By Greg Stepanich
South Florida’s two chief opera companies mostly played it safe at the box office last season when it came to repertoire, with dueling productions of Bizet’s Carmen closing both companies’ offerings.
But Palm Beach Opera and Florida Grand Opera also took some risks with staging, including a bold vision from Stefano Poda for Palm Beach of Mozart’s Don Giovanni, and André Barbe and Renaud Doucet’s sometimes wonderful, sometimes risible mounting of Carmen for Florida Grand. Things are likely to be safer staging-wise this year, but the operas are somewhat more adventurous, and that should make opera-going in 2010-11 a richer experience.
Palm Beach Opera: The group opens its 49th season with the work that made Giuseppe Verdi’s career in 1842: Nabucco. Based on the Biblical story of the power struggle and conversion of King Nebuchadnezzar, it contains the great choral song Va, pensiero, which was an instant smash in the Italian states of its time and remains beloved today. For its first staging of the opera in about 25 years, baritones Mark Rucker and Sebastian Catana sing the title role on alternate nights, with sopranos Paoletta Marrocu and Susan Neves as daughter Abigaille. Adam Diegel is Ismaele in all four performances, and company artistic director Bruno Aprea leads the orchestra (Dec. 10-13).
The company reduced the number of productions from four to three last year, and added a concert performance of Beethoven’s Ninth Symphony on two nights. This year, a semi-staged version of Gluck’s 1762 classic, Orfeo ed Euridice, is heard for two nights, with a very young all-American cast including countertenor Anthony Roth Costanzo, a recent Grand Finals winner, as Orfeo, Fort Lauderdale’s own Nadine Sierra as Euridice, and mezzo Irene Roberts as Amor (Jan. 21, 23).
Mozart’s Così fan Tutte wraps up the company’s survey of the three Mozart-Da Ponte collaborations as it presents this brilliant 1790 work about love, jealousy and infidelity. Slovenian soprano Sabina Cvilak, last year’s Desdemona in Otello, returns as Fiordiligi, alternating with American soprano Caitlin Lynch, also a recent Grand Finals winner, with Lithuanian mezzo Jurgita Adamonyte and American mezzo Patricia Risley as Dorabella. Norman Shankle and Joel Prieto sing Ferrando, and David Adam Moore and Andrew Schroeder trade off as Guglielmo. Gianluca Martinenghi conducts a production by Stephen Lawless (Feb. 25-28).
Ending the regular season is Puccini’s 1900 “shabby little shocker,” Tosca, a red-blooded exploration of love, politics and evil that contains some of the composer’s most powerful music. Sopranos Chiara Taigi and Tiffany Abban take the title role of the singer who lives for her art, with tenors Riccardo Massi and Warren Mok as artist Mario Cavaradossi. Baritones Claudio Sgura and Stephen Powell sing Baron Scarpia. Massimo Gasparon directs; Aprea conducts (March 25-28).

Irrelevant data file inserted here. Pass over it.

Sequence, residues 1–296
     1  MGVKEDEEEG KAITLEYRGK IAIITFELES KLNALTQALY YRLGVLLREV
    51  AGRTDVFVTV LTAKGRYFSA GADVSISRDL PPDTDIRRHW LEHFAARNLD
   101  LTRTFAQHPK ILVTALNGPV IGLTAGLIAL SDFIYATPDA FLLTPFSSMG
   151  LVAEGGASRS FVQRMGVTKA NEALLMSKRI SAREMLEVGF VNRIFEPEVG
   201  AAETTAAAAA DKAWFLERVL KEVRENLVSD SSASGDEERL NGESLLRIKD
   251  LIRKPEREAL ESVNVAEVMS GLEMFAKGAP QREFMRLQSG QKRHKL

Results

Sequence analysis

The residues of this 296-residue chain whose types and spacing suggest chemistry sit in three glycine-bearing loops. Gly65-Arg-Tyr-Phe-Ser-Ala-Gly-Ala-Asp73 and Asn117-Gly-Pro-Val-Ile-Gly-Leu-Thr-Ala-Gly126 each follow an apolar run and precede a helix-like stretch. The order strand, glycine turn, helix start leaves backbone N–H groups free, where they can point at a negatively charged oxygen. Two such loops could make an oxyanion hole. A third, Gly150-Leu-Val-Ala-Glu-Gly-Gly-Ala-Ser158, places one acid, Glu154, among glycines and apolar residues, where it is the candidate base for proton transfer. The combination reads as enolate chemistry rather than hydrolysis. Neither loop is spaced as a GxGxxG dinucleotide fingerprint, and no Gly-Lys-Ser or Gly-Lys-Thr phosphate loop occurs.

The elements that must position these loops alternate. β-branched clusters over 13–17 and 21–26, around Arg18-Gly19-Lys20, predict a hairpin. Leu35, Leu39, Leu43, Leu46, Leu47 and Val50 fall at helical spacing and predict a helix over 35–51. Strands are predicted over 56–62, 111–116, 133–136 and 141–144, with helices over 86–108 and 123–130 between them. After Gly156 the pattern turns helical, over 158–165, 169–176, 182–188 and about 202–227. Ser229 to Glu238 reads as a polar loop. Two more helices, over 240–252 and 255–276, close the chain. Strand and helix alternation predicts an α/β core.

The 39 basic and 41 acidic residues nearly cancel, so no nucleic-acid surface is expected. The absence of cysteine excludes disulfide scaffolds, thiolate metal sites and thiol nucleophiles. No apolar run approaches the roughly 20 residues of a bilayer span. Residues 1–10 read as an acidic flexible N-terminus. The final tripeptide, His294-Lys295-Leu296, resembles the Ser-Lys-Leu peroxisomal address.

The biggest names coming to the opera this season arrive Jan. 16 for a one-night-only presentation of Verdi’s Requiem, written in 1873 and one of the composer’s greatest works. Mezzo-soprano Dolora Zajick, one of the very best Verdian mezzos singing today, takes the part here with soprano Angela Meade, tenor Carl Tanner (last season’s Otello) and bass Morris Robinson. Aprea and the orchestra will be joined by a 150-voice massed choir made up of the company’s chorus and members from other regional choral ensembles.
That promises to be a stellar night, and the season will end in its usual American Idol-style fashion with another Grand Finals vocal competition, in which at least a dozen young singers will compete for prize money. Last year’s contest was especially good, with fine new voices on display and an expert orchestral performance led by the Metropolitan Opera’s David Jackson (April 10).
Florida Grand Opera: The Miami company’s 70th season opens with what is by common consent the last opera to become a standard repertory piece, Turandot, the 1924 swan song of Giacomo Puccini. The composer died before completing the last 10 to 15 minutes of the opera, which were finished by composer Franco Alfano from Puccini’s sketches. The celebrated aria Nessun dorma is only the best-known aria from this magnificent work, set in a mythical ancient China. Soprano Lise Lindstrom sings Turandot, the cruel princess, and Frank Porretta sings Calaf, the exiled prince who wins her love. But the tenderest music belongs to the slave girl Liu, sung here by Miami native Elizabeth Caballero. Ramón Tebar conducts a Bliss Hebert staging (Nov. 13-Dec. 4, eight performances).